6. The operating system as recited in claim 5 further comprising a shell loosely enclosing at least part of said bar.

7. The operating system as recited in claim 1 wherein said channel further comprises a lower side.

8. The operating system as recited in claim 1 wherein said operator is a washer/dryer.

9. The operating system as recited in claim 1 wherein said operator is a kiln.

10. The operating system as recited in claim 1 wherein said operator is a bulk sterilizer.

11. A washer cleaning system comprising: a microcontroller; a washer having an entrance; a carrier chain conveyor system extending at least to said entrance of said washer between said at least one chain drive motor and said chain drive rotator; a plurality of pushers rotatably attached to said chain; a channel having an upper side, said channel containing said chain; a plurality of extendable shelves under said upper side and distributed along the length of said channel; and, a plurality of shelf actuators, each of said plurality of shelf actuators operatively attached to one of said plurality of extendable shelves; wherein said microcontroller is functionally attached to at least said plurality of shelf actuators, each of said shelf actuators independently controlled by said microcontroller; and, wherein said plurality of shelf actuators is divided into a plurality of loading zones each of said plurality of loading zones having at least one shelf actuator.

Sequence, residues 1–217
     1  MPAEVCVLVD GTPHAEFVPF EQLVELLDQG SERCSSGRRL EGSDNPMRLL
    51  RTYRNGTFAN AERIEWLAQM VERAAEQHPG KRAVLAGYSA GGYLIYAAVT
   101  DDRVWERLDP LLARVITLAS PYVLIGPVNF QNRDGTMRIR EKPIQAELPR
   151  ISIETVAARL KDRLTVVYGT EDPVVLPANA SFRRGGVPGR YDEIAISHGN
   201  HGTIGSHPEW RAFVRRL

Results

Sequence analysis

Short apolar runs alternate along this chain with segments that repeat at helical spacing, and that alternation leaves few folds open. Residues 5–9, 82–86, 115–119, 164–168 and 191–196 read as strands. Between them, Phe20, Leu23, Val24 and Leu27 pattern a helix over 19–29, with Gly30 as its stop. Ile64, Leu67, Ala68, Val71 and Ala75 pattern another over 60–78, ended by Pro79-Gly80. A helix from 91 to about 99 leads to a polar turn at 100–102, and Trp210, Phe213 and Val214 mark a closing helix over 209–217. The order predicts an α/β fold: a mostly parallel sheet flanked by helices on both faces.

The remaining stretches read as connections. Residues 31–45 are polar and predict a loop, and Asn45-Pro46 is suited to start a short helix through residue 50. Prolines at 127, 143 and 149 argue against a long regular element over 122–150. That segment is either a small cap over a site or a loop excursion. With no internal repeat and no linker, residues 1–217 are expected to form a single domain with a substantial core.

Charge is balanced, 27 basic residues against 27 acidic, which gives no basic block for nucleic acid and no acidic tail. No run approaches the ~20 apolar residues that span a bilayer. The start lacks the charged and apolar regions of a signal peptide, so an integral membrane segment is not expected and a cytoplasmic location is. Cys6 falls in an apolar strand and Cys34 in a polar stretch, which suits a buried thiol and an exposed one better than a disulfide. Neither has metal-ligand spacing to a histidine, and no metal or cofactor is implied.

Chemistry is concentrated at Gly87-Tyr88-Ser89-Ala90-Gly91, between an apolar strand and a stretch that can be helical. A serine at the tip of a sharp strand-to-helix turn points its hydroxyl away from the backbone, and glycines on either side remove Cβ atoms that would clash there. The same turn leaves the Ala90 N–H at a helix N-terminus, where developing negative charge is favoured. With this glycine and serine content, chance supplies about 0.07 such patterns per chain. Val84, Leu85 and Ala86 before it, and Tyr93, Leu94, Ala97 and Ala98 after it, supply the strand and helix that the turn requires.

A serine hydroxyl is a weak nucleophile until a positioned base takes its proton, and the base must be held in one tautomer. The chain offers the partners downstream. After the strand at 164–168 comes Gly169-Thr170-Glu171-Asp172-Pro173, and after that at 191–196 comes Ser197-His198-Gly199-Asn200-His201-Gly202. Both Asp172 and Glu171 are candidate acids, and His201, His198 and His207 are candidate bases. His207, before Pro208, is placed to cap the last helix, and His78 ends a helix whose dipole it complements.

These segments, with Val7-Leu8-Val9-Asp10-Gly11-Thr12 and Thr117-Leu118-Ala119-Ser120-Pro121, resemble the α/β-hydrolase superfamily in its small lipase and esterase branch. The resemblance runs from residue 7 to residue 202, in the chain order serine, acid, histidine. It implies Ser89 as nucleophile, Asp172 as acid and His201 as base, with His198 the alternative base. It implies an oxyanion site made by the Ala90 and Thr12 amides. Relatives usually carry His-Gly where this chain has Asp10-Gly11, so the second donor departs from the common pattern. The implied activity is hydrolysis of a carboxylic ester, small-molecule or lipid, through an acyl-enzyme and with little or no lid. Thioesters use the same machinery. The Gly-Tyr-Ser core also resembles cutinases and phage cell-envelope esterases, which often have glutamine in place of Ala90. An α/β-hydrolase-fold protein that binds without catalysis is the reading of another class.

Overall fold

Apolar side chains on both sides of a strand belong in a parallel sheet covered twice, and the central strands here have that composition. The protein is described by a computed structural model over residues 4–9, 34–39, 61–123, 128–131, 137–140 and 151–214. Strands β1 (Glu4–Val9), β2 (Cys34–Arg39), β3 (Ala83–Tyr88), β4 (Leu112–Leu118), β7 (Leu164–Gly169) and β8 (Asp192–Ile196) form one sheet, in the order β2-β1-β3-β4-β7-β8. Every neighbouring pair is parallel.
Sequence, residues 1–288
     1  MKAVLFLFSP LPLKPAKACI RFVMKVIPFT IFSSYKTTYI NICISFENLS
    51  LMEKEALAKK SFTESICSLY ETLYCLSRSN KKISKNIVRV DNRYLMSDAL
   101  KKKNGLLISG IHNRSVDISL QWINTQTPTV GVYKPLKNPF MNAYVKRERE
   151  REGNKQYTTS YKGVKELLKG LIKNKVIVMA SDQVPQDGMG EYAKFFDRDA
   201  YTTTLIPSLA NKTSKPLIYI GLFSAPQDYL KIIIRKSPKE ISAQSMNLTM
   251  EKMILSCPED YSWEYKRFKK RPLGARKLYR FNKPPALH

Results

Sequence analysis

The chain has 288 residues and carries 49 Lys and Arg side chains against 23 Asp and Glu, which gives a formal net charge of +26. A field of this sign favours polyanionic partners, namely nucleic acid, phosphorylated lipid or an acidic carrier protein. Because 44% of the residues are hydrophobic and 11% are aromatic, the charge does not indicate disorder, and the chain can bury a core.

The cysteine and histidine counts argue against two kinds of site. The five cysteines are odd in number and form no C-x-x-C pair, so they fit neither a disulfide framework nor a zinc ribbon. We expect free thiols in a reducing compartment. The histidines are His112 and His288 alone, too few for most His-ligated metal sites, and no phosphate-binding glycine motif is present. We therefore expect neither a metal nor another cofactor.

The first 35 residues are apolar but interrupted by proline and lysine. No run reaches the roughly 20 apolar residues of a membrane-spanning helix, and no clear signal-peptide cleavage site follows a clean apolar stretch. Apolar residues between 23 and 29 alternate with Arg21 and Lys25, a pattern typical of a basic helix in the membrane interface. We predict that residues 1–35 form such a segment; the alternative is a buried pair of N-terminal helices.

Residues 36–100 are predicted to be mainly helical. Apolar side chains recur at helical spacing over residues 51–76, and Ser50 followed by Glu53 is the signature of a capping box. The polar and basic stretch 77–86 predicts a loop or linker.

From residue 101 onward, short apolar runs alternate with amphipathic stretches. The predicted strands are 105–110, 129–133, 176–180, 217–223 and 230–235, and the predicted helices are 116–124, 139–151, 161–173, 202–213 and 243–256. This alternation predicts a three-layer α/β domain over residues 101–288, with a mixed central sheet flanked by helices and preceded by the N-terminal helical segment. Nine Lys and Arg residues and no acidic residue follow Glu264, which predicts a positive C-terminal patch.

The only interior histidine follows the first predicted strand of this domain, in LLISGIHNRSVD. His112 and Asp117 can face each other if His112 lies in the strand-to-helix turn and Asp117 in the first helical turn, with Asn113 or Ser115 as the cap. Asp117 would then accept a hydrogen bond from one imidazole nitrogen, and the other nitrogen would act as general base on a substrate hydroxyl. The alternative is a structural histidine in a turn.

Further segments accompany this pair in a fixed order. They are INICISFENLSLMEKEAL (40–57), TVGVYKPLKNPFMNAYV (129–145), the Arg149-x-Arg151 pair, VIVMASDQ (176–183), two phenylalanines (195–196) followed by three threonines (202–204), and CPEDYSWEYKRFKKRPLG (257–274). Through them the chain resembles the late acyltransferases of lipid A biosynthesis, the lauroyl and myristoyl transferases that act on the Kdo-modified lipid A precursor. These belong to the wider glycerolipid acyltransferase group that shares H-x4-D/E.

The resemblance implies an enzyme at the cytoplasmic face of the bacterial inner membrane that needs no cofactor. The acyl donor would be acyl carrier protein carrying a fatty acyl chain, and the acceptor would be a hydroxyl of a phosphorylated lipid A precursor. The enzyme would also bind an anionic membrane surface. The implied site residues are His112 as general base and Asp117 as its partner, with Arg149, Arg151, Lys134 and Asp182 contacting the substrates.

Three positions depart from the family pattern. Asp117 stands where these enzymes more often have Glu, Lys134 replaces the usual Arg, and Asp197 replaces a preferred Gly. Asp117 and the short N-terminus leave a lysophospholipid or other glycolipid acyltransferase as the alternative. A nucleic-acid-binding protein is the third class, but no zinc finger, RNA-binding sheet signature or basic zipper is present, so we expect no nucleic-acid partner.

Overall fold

12. The washer system as recited in claim 11 wherein said washer/dryer further comprises an exit.

13. The washer system as recited in claim 11 wherein said channel further comprises a center strip within said upper side of said channel.

14. The washer system as recited in claim 11 further comprising at least one means for blocking, said at least one blocking means controlled by said microcontroller and retractably extended across said upper side of said channel.

15. The washer system as recited in claim 14 wherein said at least one blocking means is a bar operatively connected to at least one blocking means actuator each of said blocking means actuators independently controlled by said microcontroller.

16. The washer system as recited in claim 15 wherein said at least one blocking means actuator is a second actuator.

17. The washer system as recited in claim 15 further comprising a shell enclosing at least part of said bar.

18. The washer system as recited in claim 11 wherein said channel further comprises a lower side.

19. The washer system as recited in claim 11 further comprising a dryer component.